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academic afterwards Archbishop Arminian Arts Aubrey Ben Jonson Bishop Bulstrode called Calvinistic Cambridge Charles Christ's College Church Church of England Clare Hall Colnbrook Comus copy Countess Countess of Derby court daughter death Diodati divine Duke Earl ecclesiastical edition elegy England English father genius Gill Greek Harefield hath Henry honor Horton James John John Milton King King's Lady Latin Laud Laud's learned letter living London Lord Lord Brackley Ludlow masque Master Meade Meade's Milton Muses noble orator Oxford Oxfordshire parish Parliament Paul's persons plague poem poet poetic poetry present prose published pupil Puritans Queen reign residence respect says scholars Scotland seems sent sizar song speech Spenser Stowmarket studies Thomas thou tion town Trinity College tutor University verses whole William writes written young youth
Seite 491 - He that has light within his own clear breast, May sit i' the centre and enjoy bright day : But he that hides a dark soul and foul thoughts, Benighted walks under the mid-day sun ; Himself is his own dungeon.
Seite 27 - What things have we seen Done at the ' Mermaid ? ' Heard words that have been So nimble, and so full of subtle flame, As if that every one from whence they came Had meant to put his whole wit in a jest, And had resolved to live a fool the rest Of his dull life.
Seite 453 - To hear the lark begin his flight And singing startle the dull night From his watch-tower in the skies, Till the dappled dawn doth rise ; Then to come, in spite of sorrow, And at my window bid good-morrow Through the sweetbriar, or the vine, Or the twisted eglantine...
Seite 246 - Yet be it less or more, or soon or slow, It shall be still in strictest measure even To that same lot, however mean or high, Toward which Time leads me, and the will of Heaven ; All is, if I have grace to use it so, As ever in my great Task-Master's eye.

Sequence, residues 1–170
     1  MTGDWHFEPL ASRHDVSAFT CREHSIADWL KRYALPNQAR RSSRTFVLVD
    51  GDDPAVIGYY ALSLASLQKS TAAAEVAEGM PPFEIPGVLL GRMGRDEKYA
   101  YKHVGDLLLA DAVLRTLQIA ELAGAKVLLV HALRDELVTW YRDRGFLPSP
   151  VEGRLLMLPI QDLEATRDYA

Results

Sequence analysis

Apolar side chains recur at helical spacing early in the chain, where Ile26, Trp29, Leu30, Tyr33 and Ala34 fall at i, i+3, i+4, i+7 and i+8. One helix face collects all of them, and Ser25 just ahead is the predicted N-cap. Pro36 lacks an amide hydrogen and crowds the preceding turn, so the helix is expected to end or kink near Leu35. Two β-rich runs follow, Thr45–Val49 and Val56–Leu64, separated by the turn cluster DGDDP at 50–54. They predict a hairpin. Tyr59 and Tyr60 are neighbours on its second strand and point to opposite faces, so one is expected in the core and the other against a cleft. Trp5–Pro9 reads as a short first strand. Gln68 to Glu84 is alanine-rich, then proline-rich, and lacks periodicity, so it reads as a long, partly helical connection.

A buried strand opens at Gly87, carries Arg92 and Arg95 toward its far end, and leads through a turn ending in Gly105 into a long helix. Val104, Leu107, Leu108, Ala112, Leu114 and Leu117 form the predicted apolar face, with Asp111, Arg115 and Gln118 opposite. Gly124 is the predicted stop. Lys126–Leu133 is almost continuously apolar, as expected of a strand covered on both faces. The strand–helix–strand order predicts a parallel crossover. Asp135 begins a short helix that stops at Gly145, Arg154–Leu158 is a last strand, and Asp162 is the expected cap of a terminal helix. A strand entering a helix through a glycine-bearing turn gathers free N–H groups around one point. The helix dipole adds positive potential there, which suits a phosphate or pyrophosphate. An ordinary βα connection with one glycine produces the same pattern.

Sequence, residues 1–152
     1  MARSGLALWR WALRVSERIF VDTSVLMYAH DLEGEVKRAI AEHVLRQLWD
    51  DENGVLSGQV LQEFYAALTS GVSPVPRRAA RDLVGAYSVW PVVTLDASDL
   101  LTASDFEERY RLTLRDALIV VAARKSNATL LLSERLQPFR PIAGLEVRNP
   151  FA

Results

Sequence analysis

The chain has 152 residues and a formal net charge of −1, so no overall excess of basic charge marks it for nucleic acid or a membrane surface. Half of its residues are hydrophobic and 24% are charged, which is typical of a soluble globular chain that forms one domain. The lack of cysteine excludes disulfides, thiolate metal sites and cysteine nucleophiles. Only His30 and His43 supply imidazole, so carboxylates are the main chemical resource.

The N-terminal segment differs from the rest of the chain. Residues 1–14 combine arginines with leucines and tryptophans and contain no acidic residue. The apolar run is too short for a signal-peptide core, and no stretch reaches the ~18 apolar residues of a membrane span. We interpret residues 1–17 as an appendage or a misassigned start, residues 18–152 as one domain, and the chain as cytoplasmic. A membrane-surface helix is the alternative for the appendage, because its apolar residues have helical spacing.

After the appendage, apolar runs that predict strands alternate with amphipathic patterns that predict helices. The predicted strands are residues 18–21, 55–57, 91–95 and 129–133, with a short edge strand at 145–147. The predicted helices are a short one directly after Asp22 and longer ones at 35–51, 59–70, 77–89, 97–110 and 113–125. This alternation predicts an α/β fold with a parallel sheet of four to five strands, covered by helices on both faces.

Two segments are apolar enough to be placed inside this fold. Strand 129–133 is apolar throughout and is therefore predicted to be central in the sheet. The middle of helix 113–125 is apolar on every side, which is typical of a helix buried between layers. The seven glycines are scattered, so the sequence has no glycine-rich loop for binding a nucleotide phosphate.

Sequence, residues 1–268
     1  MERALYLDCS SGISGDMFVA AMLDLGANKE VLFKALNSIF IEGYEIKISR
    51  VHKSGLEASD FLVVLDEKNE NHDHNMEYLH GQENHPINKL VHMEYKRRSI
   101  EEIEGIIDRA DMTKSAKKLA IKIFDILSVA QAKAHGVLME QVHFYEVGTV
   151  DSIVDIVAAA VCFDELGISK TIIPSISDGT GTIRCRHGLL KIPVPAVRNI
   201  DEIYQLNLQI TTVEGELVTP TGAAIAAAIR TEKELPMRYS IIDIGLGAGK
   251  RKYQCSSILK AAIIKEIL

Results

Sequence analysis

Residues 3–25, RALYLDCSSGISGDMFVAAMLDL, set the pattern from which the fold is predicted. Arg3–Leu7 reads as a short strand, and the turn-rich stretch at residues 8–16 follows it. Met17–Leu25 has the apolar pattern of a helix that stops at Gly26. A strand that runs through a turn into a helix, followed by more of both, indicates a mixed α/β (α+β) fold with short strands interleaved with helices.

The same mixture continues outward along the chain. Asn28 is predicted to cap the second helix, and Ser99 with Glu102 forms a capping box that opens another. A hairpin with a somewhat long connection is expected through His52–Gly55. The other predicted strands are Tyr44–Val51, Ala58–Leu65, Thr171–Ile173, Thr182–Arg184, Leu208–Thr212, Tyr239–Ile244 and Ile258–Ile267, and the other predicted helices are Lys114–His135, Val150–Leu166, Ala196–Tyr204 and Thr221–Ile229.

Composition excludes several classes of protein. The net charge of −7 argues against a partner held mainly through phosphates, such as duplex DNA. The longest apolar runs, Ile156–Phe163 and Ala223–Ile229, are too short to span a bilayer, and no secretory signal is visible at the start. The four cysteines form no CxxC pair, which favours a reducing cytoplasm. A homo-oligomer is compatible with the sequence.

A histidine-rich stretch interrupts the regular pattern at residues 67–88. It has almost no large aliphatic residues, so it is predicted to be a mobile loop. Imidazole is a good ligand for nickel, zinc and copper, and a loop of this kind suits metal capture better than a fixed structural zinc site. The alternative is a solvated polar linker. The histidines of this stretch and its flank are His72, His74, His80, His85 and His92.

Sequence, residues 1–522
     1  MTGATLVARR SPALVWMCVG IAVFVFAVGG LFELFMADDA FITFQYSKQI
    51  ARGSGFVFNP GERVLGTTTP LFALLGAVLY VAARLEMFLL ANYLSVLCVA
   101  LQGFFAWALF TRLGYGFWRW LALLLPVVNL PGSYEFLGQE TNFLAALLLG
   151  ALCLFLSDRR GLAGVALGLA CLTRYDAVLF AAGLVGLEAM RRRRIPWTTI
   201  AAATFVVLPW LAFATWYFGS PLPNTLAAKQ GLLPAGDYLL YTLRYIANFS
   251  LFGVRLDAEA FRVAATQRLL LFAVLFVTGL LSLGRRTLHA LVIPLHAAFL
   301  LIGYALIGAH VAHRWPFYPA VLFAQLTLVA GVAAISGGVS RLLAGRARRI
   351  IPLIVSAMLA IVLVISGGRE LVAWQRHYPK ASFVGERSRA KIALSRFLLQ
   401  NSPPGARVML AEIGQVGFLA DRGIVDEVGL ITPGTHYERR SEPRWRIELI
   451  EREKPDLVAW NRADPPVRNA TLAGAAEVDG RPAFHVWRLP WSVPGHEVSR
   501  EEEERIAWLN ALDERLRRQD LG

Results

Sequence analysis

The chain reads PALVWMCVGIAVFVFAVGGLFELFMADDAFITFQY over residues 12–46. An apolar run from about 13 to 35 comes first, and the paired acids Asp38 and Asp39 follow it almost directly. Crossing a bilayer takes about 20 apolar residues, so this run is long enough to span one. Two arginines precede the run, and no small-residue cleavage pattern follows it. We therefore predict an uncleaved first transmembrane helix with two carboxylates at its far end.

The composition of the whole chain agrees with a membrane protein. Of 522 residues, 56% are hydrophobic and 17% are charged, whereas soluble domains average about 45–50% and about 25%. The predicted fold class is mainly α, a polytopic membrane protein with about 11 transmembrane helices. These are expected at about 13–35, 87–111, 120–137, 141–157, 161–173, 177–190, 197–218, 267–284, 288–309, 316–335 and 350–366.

Seite 338 - tis the soul of peace ; Of all the virtues 'tis nearest kin to heaven ; It makes men look like gods. The best of men That e'er wore earth about him was a sufferer, A soft, meek, patient, humble, tranquil spirit, The first true gentleman that ever breath'd.
Seite 457 - Or the unseen genius of the wood. But let my due feet never fail To walk the Studious cloister's pale, And love the high embowed roof, With antique pillars massy proof, And storied windows richly dight, Casting a dim, religious light.
Seite 290 - Give unto the Lord the glory due unto his name: bring an offering, and come into his courts. O worship the Lord in the beauty of holiness : fear before him, all the earth.
Seite 454 - Where the great Sun begins his state Robed in flames and amber light, The clouds in thousand liveries dight; While the ploughman, near at hand, Whistles o'er the furrowed land, And the milkmaid singeth blithe, And the mower whets his scythe, And every shepherd tells his tale Under the hawthorn in the dale.
Seite 166 - With turtle wing the amorous clouds dividing; And waving wide her myrtle wand, She strikes a universal peace through sea and land.
Seite 518 - Bitter constraint and sad occasion dear Compels me to disturb your season due : For Lycidas is dead, dead ere his prime, Young Lycidas, and hath not left his peer. Who would not sing for Lycidas ? He knew Himself to sing, and build the lofty rhyme. He must not float upon his watery bier Unwept, and welter to the parching wind Without the meed of some melodious tear.